For Willmar man, his war heroics aren't forgotten by faraway land
WILLMAR -- Lyle Sande of Willmar said he was surprised when a UPS driver delivered a letter-size package to his door last month. The package contained an invitation from the government of the Netherlands. Sande and six other U.S. Army veterans in...
WILLMAR -- Lyle Sande of Willmar said he was surprised when a UPS driver delivered a letter-size package to his door last month.
The package contained an invitation from the government of the Netherlands.
Sande and six other U.S. Army veterans in Minnesota were to be honored for helping liberate part of central Holland 65 years ago in a dangerous mission that involved more than 20,000 paratroopers.
Sande recalls the fighting was a tremendous battle.
"The Germans were waiting for us. They were not going to leave the country of Holland. It took a little while to get them out of there,'' he said.
Sande, 86, joined the Army in 1943 and was a gliderman in the 82nd's 325th Glider Infantry Regiment. A glider was towed by a twin-engine C-47 and was used to fly troops and vehicles into battle areas. Once the glider was released, the pilot and co-pilot had only a few short minutes to land. Many gliders crashed into trees, killing the occupants.
Sande was among U.S., British and Polish troops who parachuted or floated in gliders into central Holland on Sept. 17, 1944. Their mission, called Operation Market Garden, was to secure a number of Dutch bridges to help Allied tanks get across the Rhine and into Germany near the end of World War II.
Sande had parachuted into Normandy, France, but flew into Holland. The massive and daring midday mission caught some of the Nazi Panzer tank divisions by surprise. But hundreds of Allied troops were killed during the next few weeks.
Two days before the fighting ended, Sande was wounded in the back in Mook, Holland.
Sande and the other veterans living in Minnesota were invited to a ceremony in the State Capitol rotunda Oct. 16 to receive honorary Orange Lanyards for helping liberate the city of Nijmegen during the period from Sept. 17 to Oct. 4, 1944.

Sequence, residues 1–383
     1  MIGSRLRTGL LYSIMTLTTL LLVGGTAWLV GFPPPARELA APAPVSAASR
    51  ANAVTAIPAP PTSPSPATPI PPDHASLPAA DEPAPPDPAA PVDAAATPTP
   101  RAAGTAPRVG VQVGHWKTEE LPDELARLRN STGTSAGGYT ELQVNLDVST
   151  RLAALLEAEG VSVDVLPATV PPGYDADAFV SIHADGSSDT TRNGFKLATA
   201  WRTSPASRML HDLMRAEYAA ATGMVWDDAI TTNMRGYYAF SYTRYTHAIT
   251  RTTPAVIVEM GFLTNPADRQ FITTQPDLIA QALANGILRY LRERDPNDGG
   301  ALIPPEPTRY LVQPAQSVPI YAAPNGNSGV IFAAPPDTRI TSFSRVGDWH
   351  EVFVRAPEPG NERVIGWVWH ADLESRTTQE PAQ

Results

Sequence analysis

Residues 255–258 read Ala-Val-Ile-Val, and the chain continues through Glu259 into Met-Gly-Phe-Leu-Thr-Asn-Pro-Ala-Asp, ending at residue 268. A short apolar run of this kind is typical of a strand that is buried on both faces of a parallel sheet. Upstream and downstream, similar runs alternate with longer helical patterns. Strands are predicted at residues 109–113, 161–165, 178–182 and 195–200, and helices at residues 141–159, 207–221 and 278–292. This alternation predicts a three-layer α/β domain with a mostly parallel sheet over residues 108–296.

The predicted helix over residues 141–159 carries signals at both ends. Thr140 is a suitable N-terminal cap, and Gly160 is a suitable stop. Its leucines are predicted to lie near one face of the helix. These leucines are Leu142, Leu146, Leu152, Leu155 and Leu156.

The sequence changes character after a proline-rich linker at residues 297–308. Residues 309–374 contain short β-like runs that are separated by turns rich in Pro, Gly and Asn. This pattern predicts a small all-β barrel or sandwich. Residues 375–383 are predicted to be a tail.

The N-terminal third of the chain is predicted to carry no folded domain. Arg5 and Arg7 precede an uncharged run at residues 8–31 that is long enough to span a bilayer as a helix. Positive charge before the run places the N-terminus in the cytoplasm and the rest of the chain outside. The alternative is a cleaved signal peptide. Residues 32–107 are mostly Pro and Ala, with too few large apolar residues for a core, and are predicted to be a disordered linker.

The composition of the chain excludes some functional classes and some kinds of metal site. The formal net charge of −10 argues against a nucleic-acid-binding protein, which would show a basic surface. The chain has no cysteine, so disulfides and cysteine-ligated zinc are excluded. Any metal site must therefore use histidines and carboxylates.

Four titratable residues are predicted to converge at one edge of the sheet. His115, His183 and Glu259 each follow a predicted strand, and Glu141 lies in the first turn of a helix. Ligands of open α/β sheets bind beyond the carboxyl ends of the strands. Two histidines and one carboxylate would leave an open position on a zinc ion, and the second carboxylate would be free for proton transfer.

Sande says he was not expecting to receive the award. He felt he was just another guy in the service, doing his duty for his country.
"When you're in the service, we're not a hero. We're there to fight for our country, what we do for our country and everything and make our country safe and free. That's what we're there for. We're not there to gain any fantastic medals or anything, but just to keep the country free,'' he said.
"I'm not a hero and I don't intend to be a hero, but I was in there just with the rest of the guys.''
One year after the battle took place, the Netherlands minister of war issued a decree that members of Sande's outfit, the 82nd Airborne Division of the U.S. Army, would receive the Orange Lanyards based on the division's outstanding performance during the airborne operations and ensuing fighting.
Sande hadn't received the award, however, because his records and the records of other soldiers were lost in a fire many decades ago. However, the Dutch government learned from U.S. Sen. Norm Coleman that Sande had not yet received a lanyard, and it was determined that Sande should be invited to the ceremony to receive the award.
The lanyards were presented by the Dutch consul in Minneapolis, Marc A. Al.
Sande was unable to attend due to ill health, but a friend brought his lanyard home.
A native of Garretson, S.D., Sande worked 46 years in the grocery business, including 24 years for the former Tom and Bill's Red Owl of Willmar. He retired on Dec. 31, 1992.